Pacific navies in Phuket discuss disaster relief, nuclear meltdown

PHUKET: The third and final symposium of major human aid agencies and 16 navies covering half the world drew to a close in Phuket yesterday, with representatives focusing on naval involvement in providing relief to disaster-struck areas, including nuclear meltdowns.

The symposium, titled the third Humanitarian Aid and Disaster Relief (HADR) of the Western Pacific Naval Symposium (WPNS), was held under tight security at the JW Marriott Resort in Mai Khao.

The workshop was themed “Seapower – A Unifying Force for Good”, with the aim of improving participating nations’ understanding of what was required in providing disaster relief and to better coordinate in delivering relief to disaster areas.

Among the focus areas of the discussions was the provision of emergency disaster relief in the Asia-Pacific. Disasters discussed included earthquakes, tsunamis, cyclones, volcano eruptions, flooding, drought, famine, and the newest element – not previously discussed at the forums – was the threat of nuclear meltdown, referring to the recent crisis in Fukushima, Japan.

“We’re now looking at how to better disseminate the information required to alleviate the grave concerns and questions coming up so there is a better understanding of how to deal with those types of disasters,” the WPNS Executive Director for Plans and Policy, Commander William J. Wesley, said.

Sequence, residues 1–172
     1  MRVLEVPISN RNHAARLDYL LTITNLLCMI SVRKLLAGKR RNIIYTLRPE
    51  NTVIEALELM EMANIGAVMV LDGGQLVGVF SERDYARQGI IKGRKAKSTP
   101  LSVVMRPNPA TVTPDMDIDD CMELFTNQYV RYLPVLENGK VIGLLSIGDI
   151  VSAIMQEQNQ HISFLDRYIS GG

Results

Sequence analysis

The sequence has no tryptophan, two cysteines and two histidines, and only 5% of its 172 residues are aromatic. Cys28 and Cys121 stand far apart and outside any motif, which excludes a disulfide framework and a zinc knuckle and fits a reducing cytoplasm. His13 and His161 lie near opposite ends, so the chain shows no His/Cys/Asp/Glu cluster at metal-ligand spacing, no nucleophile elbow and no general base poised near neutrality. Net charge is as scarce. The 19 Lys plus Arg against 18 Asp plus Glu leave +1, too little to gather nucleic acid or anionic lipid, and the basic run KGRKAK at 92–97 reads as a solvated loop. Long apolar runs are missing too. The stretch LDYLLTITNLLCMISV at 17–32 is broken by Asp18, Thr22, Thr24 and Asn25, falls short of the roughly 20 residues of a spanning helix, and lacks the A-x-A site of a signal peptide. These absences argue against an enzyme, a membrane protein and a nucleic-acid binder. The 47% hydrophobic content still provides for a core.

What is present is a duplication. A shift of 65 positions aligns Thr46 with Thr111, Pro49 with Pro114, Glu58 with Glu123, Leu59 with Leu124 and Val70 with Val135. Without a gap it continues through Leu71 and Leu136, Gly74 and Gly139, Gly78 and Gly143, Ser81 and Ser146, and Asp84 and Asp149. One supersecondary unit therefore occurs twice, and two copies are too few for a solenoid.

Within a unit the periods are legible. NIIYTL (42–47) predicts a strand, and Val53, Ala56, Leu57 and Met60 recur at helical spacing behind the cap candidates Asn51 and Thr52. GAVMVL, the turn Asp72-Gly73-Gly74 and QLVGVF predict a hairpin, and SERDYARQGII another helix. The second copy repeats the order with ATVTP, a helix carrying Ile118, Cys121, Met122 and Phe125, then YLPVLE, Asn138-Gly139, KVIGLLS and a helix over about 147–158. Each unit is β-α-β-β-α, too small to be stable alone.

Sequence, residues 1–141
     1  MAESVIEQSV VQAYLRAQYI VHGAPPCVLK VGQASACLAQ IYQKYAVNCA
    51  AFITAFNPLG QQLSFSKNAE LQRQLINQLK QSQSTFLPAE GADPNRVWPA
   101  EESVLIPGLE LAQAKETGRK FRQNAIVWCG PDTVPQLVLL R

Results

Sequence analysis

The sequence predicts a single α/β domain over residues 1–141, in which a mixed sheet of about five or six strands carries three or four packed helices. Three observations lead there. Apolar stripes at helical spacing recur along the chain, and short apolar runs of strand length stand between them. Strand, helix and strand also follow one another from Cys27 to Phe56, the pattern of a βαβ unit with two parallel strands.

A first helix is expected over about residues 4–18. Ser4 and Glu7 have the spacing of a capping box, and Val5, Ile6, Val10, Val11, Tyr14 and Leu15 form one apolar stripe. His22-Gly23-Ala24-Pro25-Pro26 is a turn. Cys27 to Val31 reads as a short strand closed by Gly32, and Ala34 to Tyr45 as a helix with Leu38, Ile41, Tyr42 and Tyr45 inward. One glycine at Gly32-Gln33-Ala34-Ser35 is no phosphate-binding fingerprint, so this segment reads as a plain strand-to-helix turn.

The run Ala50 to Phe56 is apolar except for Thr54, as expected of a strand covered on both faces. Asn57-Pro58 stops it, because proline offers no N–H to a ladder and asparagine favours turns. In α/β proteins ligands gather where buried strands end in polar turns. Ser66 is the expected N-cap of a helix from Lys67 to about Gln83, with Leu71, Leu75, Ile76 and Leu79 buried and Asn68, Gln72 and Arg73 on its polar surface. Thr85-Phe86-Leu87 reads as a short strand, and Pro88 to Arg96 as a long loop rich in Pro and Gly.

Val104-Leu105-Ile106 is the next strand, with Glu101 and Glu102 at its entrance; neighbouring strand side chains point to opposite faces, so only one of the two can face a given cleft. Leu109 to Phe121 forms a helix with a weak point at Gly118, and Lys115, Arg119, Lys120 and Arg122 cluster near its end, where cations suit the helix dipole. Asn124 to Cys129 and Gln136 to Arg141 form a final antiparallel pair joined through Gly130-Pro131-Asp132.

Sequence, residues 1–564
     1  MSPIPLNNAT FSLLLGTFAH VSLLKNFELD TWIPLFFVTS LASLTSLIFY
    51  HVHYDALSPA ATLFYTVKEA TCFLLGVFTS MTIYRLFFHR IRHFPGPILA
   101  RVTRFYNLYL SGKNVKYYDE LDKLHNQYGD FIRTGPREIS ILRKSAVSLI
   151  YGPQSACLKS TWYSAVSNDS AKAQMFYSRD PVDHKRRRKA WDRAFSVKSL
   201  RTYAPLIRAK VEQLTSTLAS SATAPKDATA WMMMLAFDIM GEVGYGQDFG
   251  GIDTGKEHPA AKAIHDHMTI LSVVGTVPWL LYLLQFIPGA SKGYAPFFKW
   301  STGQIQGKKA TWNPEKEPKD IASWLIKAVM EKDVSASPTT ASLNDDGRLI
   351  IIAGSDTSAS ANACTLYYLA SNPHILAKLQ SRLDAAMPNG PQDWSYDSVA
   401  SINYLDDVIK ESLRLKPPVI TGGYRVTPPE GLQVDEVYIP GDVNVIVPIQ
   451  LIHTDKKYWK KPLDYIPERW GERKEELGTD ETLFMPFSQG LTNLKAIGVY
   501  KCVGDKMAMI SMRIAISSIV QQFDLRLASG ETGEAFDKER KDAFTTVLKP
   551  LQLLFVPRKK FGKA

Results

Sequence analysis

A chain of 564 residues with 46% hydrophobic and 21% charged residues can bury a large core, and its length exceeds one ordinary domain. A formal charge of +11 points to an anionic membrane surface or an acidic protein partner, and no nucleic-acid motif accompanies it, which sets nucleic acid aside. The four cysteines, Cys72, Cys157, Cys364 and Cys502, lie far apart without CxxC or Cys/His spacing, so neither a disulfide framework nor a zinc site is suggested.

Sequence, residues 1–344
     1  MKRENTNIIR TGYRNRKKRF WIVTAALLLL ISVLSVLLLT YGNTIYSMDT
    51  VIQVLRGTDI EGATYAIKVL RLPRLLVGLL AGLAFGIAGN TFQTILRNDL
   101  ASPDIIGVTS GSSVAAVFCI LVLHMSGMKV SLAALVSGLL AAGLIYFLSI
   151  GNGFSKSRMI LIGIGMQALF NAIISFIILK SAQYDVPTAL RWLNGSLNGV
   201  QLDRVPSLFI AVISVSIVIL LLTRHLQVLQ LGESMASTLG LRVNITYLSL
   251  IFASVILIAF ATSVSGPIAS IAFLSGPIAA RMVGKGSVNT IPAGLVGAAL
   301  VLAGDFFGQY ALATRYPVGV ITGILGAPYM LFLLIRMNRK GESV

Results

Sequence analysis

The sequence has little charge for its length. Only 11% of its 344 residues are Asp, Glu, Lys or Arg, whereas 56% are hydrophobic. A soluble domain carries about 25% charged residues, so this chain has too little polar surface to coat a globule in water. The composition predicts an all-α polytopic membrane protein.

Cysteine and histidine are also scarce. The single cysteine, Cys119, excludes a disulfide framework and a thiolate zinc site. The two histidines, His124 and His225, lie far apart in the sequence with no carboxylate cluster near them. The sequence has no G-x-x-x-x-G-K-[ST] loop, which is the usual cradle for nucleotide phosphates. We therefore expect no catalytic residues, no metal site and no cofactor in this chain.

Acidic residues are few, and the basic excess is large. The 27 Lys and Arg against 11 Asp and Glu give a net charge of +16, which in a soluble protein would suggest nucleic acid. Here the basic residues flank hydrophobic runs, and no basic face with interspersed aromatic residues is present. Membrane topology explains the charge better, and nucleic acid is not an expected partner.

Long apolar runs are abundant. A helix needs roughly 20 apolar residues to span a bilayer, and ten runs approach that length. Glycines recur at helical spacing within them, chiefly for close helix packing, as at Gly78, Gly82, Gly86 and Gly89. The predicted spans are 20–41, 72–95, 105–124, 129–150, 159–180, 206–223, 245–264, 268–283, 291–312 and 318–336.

Naval representatives from 16 (of 22) WPNS nations took part, including the US Pacific Fleet and Pacific Command, four observing countries, at least seven NGOs, ASEAN designates, and other government officials.

The US Navy and Royal Thai Navy co-hosted the event.

In total, 24 countries were represented: Thailand, the USA, Australia, Canada, Chile, France, Indonesia, Japan, Cambodia, Tonga, Malaysia, Brunei, New Zealand, Papa New Guinea, China, the Philippines, South Korea, Singapore, Russia and Vietnam; with the four observing nations being India, Peru, Mexico and Bangladesh.

Also at the meeting were representatives from the United Nations’ UNHCR, UNICEF and World Health Organization.

Other aid organizations represented included regional national disaster management Offices (NDMOs), USAID, AUSAID, NZAID, Interaction, Project Handclasp, IFRC, IRC and RC.

The meeting was held among the tight posting of dozens of armed Military Police and came on the week before the reportedly unrelated coincidence of more than 5,000 US Navy servicemen arriving in Phuket for R&R this week.

However, Cdr Wesley clarified, “We didn’t have a force structure here. What we had were representatives of like-minded navies within the WPNS.”

By bringing together WPNS Navies with government and non-government entities, Cdr Wesley explained that such an underlying structure…gives us the ability to work together synergistically…on how to achieve the results of ameliorating human suffering.”

The symposium was the third HADR WPNS workshop held. The first, planned after the 2004 tsunami, was held in Bali in 2007, and the second in Singapore in 2009.

Asked why Phuket was chosen for the third and final workshop, Cdr Wesley replied, “Phuket was chosen by the Royal Thai Navy because of its past experience with the tsunami and because their view was that there are a lot of interests [hoping that] that we [could] achieve some good results.

“They also wanted to make sure that it was held in an area that could be well protected and secure from any type of untoward act,” he added.

Phuket News

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Archiving articles from the Phuket Gazette circa 1998 - 2017. View the Phuket Gazette online archive and Digital Gazette PDF Prints.

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